Education Minister Shafqat Mahmood told the National Assembly on Friday that private schools were pressurising the government to re-open schools across the country.
The minister, while responding to speeches on a cut motion relating to his ministry, said so far the federal government had not taken any decision to re-open government schools and other educational institutions, but was facing pressure from private schools in this connection.
He informed the floor of the House that a decision to re-open schools, which were closed on March 7 as a precautionary measure to stem the spread of the coronavirus pandemic, would be taken at the inter-provincial conference of education ministers on July 2.
It may be pointed out that during a recent briefing of the NCOC, Prime Minister Imran Khan was informed that cases of COVID-19 would increase in the last two weeks of July.
There are reports that the government, while capitulating to the pressure from the private schools’ management, is contemplating to re-open educational institutions from July 15.
“We are facing heavy pressure from the private schools’ management to re-open schools but the health of our children is our priority,” the education minister told the House, adding that any decision would be taken after thorough consideration.
He added that it was the inter-ministerial conference which decided to promote students to next grade, but there were also legal implications of doing so.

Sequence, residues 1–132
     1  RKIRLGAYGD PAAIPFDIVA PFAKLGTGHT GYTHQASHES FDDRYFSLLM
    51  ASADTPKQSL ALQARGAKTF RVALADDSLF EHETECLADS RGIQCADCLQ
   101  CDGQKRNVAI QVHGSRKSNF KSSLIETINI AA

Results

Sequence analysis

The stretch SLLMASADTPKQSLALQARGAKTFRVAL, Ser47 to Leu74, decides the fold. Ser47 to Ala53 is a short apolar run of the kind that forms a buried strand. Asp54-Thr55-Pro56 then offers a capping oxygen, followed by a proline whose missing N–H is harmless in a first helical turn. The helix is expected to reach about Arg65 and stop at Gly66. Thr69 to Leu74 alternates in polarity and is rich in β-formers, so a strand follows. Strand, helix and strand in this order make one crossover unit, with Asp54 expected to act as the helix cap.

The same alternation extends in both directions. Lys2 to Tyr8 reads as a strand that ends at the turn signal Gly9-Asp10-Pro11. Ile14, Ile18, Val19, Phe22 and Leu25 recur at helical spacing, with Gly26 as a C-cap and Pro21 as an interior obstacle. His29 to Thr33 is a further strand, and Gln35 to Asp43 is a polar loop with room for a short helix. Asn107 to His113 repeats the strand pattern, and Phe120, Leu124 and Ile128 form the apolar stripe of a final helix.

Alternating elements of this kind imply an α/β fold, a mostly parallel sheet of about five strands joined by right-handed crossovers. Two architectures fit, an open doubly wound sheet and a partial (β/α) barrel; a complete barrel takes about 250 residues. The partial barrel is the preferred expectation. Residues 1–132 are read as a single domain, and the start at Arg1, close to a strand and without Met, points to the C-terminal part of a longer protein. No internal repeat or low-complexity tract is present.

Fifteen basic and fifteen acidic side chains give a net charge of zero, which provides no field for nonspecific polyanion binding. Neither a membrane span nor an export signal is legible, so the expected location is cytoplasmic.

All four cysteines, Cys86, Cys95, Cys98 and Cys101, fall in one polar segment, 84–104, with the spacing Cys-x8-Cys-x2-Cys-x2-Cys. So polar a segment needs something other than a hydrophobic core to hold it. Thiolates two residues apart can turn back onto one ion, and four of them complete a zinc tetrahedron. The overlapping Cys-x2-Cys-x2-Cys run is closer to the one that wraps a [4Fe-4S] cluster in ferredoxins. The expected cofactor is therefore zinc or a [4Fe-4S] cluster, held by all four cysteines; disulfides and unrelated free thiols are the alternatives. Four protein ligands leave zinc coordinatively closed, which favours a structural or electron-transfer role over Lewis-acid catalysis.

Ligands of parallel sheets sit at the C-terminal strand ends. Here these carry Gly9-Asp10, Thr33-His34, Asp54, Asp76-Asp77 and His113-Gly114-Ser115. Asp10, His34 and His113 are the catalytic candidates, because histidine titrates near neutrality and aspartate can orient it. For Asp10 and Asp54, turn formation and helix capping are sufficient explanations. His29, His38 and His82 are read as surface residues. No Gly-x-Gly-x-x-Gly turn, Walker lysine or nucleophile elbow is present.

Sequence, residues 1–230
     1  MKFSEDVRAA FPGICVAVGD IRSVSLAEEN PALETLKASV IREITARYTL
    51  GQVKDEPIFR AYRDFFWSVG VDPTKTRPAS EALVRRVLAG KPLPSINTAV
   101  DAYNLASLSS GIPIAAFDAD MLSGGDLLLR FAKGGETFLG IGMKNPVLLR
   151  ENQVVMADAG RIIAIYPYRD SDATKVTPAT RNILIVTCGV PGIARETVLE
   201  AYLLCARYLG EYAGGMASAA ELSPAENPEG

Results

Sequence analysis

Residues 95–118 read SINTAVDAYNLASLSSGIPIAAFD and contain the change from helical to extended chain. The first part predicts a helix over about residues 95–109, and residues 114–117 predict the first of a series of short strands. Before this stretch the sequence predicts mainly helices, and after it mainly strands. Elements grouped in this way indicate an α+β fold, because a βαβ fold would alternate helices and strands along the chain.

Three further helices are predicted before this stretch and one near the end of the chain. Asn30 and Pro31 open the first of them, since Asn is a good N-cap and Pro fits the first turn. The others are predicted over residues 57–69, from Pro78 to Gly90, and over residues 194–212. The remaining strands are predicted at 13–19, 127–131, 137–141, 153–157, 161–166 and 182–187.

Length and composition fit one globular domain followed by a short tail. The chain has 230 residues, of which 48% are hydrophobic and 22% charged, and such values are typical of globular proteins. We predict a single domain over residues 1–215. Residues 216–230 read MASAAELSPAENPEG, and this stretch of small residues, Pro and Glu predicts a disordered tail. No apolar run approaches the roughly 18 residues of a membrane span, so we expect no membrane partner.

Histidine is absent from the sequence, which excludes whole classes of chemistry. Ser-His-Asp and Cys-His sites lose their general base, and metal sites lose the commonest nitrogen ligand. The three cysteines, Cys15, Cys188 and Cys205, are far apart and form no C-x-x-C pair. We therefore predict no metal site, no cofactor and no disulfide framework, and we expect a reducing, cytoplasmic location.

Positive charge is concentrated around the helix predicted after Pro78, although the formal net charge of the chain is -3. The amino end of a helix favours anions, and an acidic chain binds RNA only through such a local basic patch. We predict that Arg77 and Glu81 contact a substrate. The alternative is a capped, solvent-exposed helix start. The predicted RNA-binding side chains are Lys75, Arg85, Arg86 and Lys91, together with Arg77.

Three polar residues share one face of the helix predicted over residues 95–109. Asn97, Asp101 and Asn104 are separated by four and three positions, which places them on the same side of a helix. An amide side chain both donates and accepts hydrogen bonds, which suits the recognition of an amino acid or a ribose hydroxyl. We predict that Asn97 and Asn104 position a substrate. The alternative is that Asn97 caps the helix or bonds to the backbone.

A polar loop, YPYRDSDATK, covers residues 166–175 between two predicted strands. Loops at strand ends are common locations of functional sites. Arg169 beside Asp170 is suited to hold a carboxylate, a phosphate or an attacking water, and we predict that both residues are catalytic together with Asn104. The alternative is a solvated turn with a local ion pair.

Speaking about the issue of online classes, Mahmood said that availability of the internet was a problem. “The prime minister will soon announce a plan for availability of network and connectivity,” adding that in some areas, local area networks will be established to facilitate students.
He informed the House that there would be a uniform syllabus in all the madaris, private and government schools from grade one to five.
Earlier, while speaking on the cut motions, Maulana Abdul Akbar Chitrali of Jamaat-e-Islami (JI) had demanded that there should be a uniform system of education in private and government schools.
He pointed out that parents prefer to get their children admitted to private schools because of a low standard of education in government educational institutions.
The JI member, who was elected from Chitral, questioned as to how students could benefit from online classes when there was no internet availability in his constituency. He pointed out that mobile companies earn crores of rupees but they have failed to provide better facilities.